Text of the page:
3 Stocks Near 52-Week Highs Worth Selling

You'd think with the uncertainty surrounding the landmark Obamacare decision today and the upcoming European Summit investors would be more cautious, but that just hasn't been the case as stocks continue to rally. For optimists, these rallies may seem like a dream come true. For skeptics like me, they're opportunities to see whether companies have earned their current valuations.

Keep in mind that some companies deserve their current valuations. Laboratory testing service company Bio-Reference Laboratories (Nasdaq: BRLI  ) has been off to the races since reporting record quarterly revenue and a 26% boost in operating income in the second-quarter.

Still, other companies might deserve a kick in the pants. Here's a look at three companies that could be worth selling.

Discounting at a premium
Dollar-mania is sweeping the nation, and Dollar General (NYSE: DG  ) is back on my list of dollar stores that we can throw out with the bathwater.

Dollar General has been a strong performer since the recession, as cost-conscious consumers have been looking for ways to scale down their spending while still meeting all of their basic food and staple goods needs. The entire sector also benefited from years of Wal-Mart's (NYSE: WMT  ) miscues, as the discounting behemoth struggled within the U.S. and drifted from the low-cost strategies that had made it previously very successful. However, I see the winds of change brewing.

Wal-Mart recently reported its first same-store sales gain in apparel in three years and is more focused than ever on regaining its previous customer that it's lost to dollar stores by emphasizing its low prices and focusing domestically. It's also a bit concerning that many of these dollar stores, including Dollar General, are trading at lofty valuations when in reality their profit margins aren't all that impressive – just 5.4% over the trailing 12 months for Dollar General, with a trailing P/E ratio of 22.5! Finally, Dollar General doesn't pay its shareholders a dividend (which could have to do with the nearly $2.9 billion it carries in debt). The juice has been fully squeezed out of this orange, and I'd suggest getting out before all you're left with is the rinds.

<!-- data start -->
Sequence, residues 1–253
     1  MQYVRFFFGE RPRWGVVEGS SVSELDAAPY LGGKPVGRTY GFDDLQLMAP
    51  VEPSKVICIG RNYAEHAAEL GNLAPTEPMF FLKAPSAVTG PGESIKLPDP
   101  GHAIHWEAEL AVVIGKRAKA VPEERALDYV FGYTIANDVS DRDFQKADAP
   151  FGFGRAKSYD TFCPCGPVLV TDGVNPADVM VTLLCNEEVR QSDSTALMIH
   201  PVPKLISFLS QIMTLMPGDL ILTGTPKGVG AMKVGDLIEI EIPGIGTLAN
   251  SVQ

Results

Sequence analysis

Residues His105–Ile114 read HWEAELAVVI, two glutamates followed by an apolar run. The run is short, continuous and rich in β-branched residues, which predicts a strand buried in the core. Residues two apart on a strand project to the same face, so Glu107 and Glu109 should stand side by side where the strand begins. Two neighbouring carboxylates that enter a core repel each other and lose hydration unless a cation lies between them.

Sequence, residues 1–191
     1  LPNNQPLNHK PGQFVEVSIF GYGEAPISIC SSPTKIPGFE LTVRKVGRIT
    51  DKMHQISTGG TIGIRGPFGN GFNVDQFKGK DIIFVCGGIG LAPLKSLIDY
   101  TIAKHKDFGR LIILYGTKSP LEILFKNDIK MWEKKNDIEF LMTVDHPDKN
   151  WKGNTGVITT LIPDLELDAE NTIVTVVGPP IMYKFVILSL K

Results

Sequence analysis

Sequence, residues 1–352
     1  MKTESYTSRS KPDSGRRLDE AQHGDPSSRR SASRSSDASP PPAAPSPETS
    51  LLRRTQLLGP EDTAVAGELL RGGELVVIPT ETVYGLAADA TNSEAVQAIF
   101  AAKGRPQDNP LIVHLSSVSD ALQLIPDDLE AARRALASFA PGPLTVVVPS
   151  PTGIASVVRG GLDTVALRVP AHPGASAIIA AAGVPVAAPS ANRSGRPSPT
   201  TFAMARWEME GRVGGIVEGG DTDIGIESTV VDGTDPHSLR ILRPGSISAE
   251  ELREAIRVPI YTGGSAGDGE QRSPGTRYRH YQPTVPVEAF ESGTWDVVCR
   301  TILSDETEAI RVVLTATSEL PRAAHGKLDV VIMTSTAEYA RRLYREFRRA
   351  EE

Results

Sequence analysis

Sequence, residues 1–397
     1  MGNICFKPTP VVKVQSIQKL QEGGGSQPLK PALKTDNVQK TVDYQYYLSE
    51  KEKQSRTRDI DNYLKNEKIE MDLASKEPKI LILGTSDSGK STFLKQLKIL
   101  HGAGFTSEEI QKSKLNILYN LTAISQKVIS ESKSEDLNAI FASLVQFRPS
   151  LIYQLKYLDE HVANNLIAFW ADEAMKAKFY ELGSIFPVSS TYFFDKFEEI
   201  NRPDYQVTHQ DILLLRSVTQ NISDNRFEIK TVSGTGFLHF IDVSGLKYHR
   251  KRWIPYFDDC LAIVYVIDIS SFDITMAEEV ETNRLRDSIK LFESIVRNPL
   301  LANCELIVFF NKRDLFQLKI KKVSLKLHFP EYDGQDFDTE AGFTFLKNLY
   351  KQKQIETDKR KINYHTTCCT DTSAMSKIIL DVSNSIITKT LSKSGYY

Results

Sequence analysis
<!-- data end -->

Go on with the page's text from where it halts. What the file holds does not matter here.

The true value of an education
I really don't have any praise for the for-profit education sector. New government regulations which require publicly traded education companies to focus more on education, after-graduation placement, and student debt, rather than on bottom-line profits have caused sizable drops in student enrollments. Surprisingly though, there are still for-profit educators hitting new highs, like Grand Canyon Education (Nasdaq: LOPE  ) .

Admittedly, Grand Canyon is a different breed than many of the struggling for-profit educators, as it's geared toward low-cost tuitions, and its educational focus is away from business degrees (which have been hit the hardest). That still doesn't put the company beyond the scope of increasing uncertainty and regulation. I personally feel that Grand Canyon's student enrollments targets, while impressive up until now, are a bit lofty considering the economic growth uncertainty we're currently dealing with. I'm pretty much holding by my stance that for-profit education companies should be sold, and Grand Canyon is just another casualty of that thought process. I see shareholders receiving little solace in owning the best company in a very bad sector moving forward.